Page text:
In playing with it in anticipation, of shooting with it for real, I noticed that while both eyes may be open,
    I can only concentrate on one finder at a time.
    Either the viewfinder, or the spirit level. And man that spirit is hard to keep level.

    I'm shooting a model with it next week out in Mojave. I may just put it on a tripod.

  9. #29

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    My preference seems to fluctuate with the light I'm working with. When the light is especially low and I'm trying to get critical focus with minimal DOF, I will sometimes close my non-dominant eye for a bit while I check the focus but before and after that short moment I like to always keep both eyes open to anticipate the action. I think this came from me learning on an SLR and wanting to have more peripheral vision in the first place. When I got a RF, I felt right at home. Despite my main RF's .72x finder, I find it perfectly comfortable shooting with both eyes open.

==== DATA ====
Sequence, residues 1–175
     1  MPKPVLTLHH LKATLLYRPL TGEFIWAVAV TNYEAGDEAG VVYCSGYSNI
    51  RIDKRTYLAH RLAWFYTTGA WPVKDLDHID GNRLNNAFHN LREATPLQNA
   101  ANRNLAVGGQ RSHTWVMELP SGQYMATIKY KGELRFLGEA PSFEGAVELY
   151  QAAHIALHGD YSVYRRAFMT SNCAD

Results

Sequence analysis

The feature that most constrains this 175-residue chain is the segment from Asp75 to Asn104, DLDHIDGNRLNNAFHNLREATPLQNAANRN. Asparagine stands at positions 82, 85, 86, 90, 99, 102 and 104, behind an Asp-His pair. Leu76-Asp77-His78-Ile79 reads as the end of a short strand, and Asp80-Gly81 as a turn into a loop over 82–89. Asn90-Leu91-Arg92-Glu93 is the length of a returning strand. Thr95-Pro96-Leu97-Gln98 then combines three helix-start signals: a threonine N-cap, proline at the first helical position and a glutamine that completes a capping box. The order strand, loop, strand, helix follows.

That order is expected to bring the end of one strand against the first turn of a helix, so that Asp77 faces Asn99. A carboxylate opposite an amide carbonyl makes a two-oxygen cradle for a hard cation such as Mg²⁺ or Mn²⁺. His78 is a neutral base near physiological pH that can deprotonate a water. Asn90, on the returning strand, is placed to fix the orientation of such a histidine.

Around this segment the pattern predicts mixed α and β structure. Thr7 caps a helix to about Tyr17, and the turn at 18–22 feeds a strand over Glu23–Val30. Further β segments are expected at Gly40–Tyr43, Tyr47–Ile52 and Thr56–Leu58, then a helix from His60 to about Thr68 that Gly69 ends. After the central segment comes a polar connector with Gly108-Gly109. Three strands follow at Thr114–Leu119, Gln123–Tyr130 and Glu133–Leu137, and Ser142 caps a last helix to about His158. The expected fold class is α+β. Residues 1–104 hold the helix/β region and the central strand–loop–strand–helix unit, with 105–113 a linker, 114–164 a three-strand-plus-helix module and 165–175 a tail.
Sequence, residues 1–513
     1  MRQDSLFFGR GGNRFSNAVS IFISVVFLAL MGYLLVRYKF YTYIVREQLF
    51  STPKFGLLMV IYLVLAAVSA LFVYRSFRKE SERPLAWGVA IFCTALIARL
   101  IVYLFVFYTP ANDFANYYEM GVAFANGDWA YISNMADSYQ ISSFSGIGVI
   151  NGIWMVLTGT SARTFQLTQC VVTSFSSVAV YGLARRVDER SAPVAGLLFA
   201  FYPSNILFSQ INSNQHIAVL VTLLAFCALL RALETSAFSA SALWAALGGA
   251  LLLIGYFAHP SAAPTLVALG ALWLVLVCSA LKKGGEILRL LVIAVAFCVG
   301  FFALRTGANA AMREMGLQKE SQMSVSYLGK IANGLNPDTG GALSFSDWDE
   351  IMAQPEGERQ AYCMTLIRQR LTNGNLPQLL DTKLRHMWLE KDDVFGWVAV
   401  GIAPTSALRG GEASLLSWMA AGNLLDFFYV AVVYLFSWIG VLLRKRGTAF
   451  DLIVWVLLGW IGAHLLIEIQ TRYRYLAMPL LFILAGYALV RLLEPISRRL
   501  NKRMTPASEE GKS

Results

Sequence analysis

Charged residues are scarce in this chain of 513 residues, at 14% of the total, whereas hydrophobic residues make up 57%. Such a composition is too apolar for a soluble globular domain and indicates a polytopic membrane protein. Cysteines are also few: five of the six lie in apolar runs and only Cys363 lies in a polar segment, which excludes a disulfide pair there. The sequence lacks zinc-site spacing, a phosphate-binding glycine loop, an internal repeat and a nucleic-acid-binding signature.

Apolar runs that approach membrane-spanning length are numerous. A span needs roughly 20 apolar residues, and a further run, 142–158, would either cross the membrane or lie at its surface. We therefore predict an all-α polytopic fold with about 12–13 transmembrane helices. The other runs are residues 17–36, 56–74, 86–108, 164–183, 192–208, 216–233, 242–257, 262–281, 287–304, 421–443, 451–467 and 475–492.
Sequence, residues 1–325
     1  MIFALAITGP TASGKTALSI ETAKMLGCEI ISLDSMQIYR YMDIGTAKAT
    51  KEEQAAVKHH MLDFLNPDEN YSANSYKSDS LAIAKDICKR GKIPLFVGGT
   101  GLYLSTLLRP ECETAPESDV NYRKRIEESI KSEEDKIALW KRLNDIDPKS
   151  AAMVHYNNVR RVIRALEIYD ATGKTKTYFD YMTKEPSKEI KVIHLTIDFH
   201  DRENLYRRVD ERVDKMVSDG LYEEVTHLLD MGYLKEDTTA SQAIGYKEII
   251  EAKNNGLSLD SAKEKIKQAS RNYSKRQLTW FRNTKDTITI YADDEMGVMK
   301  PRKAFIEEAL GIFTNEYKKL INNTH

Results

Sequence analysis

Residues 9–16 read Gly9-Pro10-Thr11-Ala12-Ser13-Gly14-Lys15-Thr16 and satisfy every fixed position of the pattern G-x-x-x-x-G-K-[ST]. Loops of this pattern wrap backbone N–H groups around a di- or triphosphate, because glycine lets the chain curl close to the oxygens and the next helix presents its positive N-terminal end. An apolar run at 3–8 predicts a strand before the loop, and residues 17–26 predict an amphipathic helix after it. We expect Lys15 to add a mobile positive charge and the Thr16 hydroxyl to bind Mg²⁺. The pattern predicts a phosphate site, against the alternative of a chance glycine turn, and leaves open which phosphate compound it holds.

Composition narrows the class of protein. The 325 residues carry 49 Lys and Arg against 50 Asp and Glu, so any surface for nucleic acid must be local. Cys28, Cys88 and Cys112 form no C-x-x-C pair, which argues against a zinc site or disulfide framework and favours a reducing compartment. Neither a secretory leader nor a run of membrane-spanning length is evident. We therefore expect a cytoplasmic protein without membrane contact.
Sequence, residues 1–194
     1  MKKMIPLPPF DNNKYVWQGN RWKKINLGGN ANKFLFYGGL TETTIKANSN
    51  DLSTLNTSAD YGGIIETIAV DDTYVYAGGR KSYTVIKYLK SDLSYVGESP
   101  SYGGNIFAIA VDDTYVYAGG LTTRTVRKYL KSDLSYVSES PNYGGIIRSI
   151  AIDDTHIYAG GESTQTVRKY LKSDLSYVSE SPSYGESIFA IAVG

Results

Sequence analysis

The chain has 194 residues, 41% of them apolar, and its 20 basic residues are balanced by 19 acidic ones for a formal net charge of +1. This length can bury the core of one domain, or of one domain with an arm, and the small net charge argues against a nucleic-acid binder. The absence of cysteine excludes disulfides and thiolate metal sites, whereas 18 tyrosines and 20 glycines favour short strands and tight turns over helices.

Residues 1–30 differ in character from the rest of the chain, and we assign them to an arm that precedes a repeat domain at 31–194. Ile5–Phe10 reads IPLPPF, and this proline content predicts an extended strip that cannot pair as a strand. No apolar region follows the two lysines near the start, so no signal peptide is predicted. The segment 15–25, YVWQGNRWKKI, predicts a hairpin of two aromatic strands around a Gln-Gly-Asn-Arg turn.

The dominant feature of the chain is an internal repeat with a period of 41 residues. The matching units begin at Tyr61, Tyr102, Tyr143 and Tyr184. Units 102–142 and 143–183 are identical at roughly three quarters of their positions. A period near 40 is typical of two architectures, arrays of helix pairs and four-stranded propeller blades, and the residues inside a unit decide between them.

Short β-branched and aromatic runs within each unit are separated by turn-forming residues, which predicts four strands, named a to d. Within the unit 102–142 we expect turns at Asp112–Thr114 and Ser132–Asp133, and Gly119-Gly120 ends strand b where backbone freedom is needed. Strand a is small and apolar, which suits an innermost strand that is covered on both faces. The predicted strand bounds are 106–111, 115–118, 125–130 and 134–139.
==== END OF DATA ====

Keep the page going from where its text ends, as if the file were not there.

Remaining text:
Because of this, I have been going back and forth between portrait positions. If I want to be able to have both eyes open I have to shoot shutter release up but it's got a different feel (perhaps slightly-less stable?) than shutter release down so I'm still on the fence on that one and change depending on the subject.
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  10. #30
    IloveTLRs's Avatar
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    I have the brightline 50mm external viewfinder (Leitz.) Since it's 1:1 I can keep both eyes open.

    But I don't ...